It's often rather harrowing, and if it strikes home for you, as it did me, then it's a somewhat difficult read at times, but it's also terribly striking and perceptive, with these glimpses into the minds of various characters that so precisely sum up how grievances and insecurities and slights do take root and grow in all sorts of unexpected and unpredictable ways. I kept having to stop to mull them over and say, "Yes, that's exactly how that happens. I had never thought of that before." And the writing is beautiful and often reminiscent of Margaret Drabble herself, so those of you who love Drabble as I do should take note. Like Drabble, too, Brackenbury understands all of her characters, so while we think in one passage, "Oh, what an impossible woman!", a few pages on we find ourselves touched by the pain that very impossible woman has been through.
Apart from the quotation at the beginning of this post, which really sums up this dysfunctional home, here are two more to demonstrate. First, Philip's rather impossible mother herself, in the midst of an argument with her husband:
She spoke the words just as they occurred to her, not knowing whether or not they were true. What did it matter what one's weapons were, as long as one defended oneself? When he picked his way so pedantically, like a judge, like a prosecutor, forcing her to give evidence, remember dates, produce an alibi and recognise Exhibit A. He terrified her, and she ran backwards, lashing out. The only way was to hurt him, until he stopped. It was like not knowing if there was enough for dinner in the fridge, like people arriving, like being asked a question in class and not knowing the answer. When the masked men came to the door and banged upon it, they would want an answer, or they would push past her and invade the house.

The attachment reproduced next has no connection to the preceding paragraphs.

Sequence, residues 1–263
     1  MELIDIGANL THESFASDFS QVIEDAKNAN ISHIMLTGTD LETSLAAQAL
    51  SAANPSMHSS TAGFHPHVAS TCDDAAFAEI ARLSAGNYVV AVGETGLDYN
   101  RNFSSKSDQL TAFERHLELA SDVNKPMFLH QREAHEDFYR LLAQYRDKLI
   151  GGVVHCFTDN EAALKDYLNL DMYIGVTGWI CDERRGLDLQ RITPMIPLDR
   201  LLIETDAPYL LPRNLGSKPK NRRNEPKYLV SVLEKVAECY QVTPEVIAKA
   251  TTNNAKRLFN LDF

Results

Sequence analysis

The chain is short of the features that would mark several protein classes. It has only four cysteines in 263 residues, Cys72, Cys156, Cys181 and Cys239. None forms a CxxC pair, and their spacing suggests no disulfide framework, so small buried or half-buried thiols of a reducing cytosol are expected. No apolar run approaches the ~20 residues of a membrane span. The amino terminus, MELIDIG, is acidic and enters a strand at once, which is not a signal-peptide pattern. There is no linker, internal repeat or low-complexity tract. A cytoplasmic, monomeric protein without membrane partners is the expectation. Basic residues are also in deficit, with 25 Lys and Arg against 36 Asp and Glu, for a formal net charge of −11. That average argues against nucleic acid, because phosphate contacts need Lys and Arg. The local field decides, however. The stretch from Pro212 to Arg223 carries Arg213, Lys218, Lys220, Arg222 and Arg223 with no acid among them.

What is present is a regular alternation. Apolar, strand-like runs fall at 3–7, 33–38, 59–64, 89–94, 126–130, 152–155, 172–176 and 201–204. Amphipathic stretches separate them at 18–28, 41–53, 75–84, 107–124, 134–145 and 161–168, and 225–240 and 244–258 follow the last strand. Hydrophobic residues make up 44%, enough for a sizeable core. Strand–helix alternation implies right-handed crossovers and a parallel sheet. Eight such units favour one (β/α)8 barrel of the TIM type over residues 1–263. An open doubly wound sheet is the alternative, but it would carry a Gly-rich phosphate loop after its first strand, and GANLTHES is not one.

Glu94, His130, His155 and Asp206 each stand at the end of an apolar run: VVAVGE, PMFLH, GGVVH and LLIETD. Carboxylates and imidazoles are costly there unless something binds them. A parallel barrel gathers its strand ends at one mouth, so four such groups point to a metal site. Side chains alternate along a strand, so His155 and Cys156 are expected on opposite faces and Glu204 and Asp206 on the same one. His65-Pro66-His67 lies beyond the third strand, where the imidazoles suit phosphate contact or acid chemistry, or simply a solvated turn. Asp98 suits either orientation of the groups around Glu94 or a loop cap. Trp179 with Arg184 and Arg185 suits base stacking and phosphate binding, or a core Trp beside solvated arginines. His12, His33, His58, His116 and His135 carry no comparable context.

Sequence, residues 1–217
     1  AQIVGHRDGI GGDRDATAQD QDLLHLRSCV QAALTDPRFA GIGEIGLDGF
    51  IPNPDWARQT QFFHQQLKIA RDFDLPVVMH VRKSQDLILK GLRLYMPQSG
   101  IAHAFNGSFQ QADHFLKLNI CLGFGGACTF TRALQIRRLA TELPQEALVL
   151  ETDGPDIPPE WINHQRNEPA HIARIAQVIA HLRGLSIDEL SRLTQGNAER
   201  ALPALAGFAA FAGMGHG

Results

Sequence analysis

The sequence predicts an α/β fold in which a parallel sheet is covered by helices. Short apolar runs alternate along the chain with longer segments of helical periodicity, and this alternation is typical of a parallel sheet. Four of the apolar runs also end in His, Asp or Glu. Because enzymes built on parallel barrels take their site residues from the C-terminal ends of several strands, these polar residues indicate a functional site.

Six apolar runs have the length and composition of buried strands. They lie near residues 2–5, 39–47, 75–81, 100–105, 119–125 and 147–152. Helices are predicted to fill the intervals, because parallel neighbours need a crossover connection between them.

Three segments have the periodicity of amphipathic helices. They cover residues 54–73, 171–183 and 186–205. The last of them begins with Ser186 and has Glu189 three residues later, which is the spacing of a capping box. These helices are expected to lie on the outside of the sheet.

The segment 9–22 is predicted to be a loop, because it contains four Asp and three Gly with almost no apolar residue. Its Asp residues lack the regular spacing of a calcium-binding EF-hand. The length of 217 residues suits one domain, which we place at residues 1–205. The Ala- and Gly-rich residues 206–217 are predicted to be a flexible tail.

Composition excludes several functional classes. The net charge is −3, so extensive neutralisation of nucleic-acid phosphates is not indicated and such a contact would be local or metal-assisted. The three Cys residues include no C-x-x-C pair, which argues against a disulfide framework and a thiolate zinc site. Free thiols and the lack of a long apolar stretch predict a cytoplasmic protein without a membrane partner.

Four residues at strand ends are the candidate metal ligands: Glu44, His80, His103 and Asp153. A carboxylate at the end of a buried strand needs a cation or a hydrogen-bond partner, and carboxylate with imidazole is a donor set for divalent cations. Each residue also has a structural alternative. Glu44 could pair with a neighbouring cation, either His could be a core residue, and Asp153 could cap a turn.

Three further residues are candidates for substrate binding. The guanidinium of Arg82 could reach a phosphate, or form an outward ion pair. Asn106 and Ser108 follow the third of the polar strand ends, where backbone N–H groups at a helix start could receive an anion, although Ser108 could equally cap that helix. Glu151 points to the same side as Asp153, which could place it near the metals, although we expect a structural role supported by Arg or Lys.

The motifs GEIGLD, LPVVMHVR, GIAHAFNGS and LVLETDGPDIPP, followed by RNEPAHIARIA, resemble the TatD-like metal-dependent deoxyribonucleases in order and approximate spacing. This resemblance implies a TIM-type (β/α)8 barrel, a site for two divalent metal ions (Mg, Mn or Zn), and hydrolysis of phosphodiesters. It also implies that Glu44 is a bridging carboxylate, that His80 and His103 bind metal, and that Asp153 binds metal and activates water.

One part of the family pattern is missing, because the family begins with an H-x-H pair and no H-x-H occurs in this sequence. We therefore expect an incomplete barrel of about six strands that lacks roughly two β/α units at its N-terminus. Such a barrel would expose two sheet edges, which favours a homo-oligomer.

How often do we argue in just such a way? Saying what will work as a weapon in the moment, regardless of its truth. It seems obvious having read the passage, but not every author realizes such things.
And then, just a striking way of thinking captured in this scene with young Lucy:
She stood still on the edge of the orchard, poised for a moment, staring at the house next door which now gave back no sign of life nor habitation, and wondered what it was like to live there, to peer round a curtain and watch a girl in pink shirt and blue jeans cross a garden alone, and disappear into a small shed among nettles. This was such a familiar sensation, this knowledge, sensuously, of what it was to be the other person. As a child, she had felt it overwhelm her, when she held an animal, a cat perhaps, clutched to her and felt that she, Lucy, was the cat feeling herself held by herself, Lucy, who was the girl.
I'm looking forward to exploring more of Brackenbury's work, and I'm so grateful to Michael Walmer both for sending me a copy and for making this wonderful rediscovery of her work.